Hailing from South Dakota, Dr. Lien was first enamored by the beauty of Newfoundland and Labrador and its coves and bays. His principal research interest was the application of animal behaviour to marine and conservation management and as time went on he found his way into almost every outport community in the province through his research or whale and trap recovery program. He bonded to the people, young and old. His ideas and serious work ethic were admired and he became an advocate for animal and fisherman alike.

Dr. Lien is credited with saving hundreds of whales trapped in fishing gear but he always considered the "endangered fisherman" as well, helping them mend their nets after an encounter and encouraging them to tell their story.

Schools and tour operations were given wildlife specimens and educational posters to tell the story of the province’s whales, fishing gear, seals and seabirds. The Whale Research Group at Memorial University developed a wide range of materials for public use. A good deal of the special artwork was done by Newfoundland artist, Don Wright. Both government and industry benefited from Dr. Lien’s commitment to education and a model for whale watching protocol was also established. Students came from around the world to study and work with the Whale Research Group and experience the province’s rich marine environment. The bio-psychology major at Memorial developed by Dr. Lien and his colleagues was unique within Canada.

Dr. Lien was a leader in the creation of the Canadian Parks and Wilderness Society- Newfoundland Chapter, the Protected Areas Association of Newfoundland and Labrador and he helped generate initiatives for National Parks and Marine Protected Areas across Canada. He served enthusiastically on the nine-member Federal Minister’s Advisory Committee on Oceans until 2004 and especially enjoyed his earlier work on the first Fisheries Resource Conservation Council in 1993 and the Environmental Assessment Panel for the Terra Nova Offshore Group with Dr. Leslie Harris in 1996. For his work he has received many notable awards.

He is at home behind a podium, in a fishing boat, in the belly of a whale or in a fisherman’s kitchen.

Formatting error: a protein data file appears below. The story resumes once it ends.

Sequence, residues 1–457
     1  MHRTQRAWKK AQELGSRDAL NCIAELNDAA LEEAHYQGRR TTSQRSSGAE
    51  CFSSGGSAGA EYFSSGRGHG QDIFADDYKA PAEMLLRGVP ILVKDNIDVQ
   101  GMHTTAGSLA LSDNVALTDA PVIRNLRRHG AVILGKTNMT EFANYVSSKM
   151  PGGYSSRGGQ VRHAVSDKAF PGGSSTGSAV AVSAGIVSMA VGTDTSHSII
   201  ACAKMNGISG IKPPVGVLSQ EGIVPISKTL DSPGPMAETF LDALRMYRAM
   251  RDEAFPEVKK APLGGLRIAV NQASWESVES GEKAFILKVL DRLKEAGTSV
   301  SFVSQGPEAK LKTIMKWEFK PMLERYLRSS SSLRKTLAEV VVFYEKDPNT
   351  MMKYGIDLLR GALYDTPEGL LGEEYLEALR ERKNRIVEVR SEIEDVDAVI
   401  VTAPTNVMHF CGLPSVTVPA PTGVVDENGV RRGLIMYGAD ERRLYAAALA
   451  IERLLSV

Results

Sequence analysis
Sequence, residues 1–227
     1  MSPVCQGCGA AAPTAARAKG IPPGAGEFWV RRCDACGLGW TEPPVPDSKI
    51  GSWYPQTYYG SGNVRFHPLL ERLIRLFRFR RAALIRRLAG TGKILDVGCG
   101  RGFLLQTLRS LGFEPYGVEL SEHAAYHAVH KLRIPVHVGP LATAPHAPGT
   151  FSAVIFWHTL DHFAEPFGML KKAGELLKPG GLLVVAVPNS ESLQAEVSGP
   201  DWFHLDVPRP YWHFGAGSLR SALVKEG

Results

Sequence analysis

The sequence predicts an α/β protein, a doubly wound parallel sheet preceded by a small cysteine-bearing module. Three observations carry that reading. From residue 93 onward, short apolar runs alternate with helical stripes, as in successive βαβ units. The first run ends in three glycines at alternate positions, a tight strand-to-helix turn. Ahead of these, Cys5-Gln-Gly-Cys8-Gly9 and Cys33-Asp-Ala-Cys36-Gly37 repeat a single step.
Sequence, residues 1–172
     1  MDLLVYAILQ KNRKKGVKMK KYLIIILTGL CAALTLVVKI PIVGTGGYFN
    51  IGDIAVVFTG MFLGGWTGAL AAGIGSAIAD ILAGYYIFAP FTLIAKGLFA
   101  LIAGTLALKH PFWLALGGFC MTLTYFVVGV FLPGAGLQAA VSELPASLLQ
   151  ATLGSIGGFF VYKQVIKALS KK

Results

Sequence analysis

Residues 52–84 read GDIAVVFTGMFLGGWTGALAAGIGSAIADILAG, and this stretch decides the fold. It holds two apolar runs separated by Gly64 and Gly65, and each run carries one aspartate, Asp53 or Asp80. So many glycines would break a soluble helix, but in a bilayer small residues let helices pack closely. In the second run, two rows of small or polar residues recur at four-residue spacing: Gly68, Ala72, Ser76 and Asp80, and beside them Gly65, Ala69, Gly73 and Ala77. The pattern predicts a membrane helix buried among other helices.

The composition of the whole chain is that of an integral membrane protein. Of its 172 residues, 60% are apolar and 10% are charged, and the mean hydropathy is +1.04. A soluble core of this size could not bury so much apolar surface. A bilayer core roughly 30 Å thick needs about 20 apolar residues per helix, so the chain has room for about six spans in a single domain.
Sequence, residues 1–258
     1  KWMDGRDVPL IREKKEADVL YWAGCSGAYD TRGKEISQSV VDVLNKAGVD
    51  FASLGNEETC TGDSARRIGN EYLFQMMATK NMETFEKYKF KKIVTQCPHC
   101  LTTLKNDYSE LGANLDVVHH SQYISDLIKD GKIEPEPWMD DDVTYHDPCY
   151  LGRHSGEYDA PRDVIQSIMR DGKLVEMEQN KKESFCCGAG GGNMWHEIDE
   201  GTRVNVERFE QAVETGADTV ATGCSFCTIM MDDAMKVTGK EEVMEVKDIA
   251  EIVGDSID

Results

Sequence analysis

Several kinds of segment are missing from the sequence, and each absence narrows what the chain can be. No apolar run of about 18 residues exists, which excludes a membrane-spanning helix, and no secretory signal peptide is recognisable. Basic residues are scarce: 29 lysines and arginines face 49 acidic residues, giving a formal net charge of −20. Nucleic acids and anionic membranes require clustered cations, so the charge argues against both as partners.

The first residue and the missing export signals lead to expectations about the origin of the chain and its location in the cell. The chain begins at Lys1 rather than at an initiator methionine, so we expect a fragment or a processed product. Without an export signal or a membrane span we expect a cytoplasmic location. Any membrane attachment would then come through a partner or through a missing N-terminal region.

Hazel R. Newhook
Every journey begins with a first step. Hazel Rose Newhook did not take the well-trodden path on her voyage; she broke new ground, overcame traditional gender roles, and established a reputation built on principles and doing what is right. Ms. Newhook’s trailblazing compass has opened doors for people all across this province. Her know-how in business has led to highly successful ventures. And, her dedication to her community and Newfoundland and Labrador has paved a road for generations to come.

Born in Grand Falls on Christmas Eve 1914, Ms. Newhook has established a reputation that signifies dependability, trust, and willingness to give her time to help those around her.

In 1947 when she moved to Gander with her husband Harry, she bought a taxi company and started her business career. This grew into a bus company, service station, and an auto parts and specialty store. She was known for helping people any time of the day or night, 365 days a year, a trait she would carry with her as she entered public life.

Ms. Newhook gave her early years of community involvement to the Board of Directors on the Gander Chamber of Commerce, the James Paton Memorial Hospital, as well as serving on the Board of Regents of Memorial University. In 1975 she ran for the Gander Town Council, and became one of the first women in the province to hold the office of mayor.

In 1979, she was asked by Premier Brian Peckford to run for the provincial district of Gander, soon after becoming the second woman in Newfoundland and Labrador provincial politics to be appointed to Cabinet.

After her retirement from provincial politics in 1985, she dedicated herself to her community of Gander and became a fulltime volunteer, determined to solve issues that existed in her area regarding women and youth.

Ms. Newhook took an active role as the treasurer of the Gander Status of Women Council, helped establish and sat on the board for Cara Transition House, and served as a member of the Alternative Members Organization, the Goodwill Centre and the Outreach Social Action Committee.

In 1993 she was recognized for her successful business career and inducted into the Atlantic Hall of Fame for Women Entrepreneurs.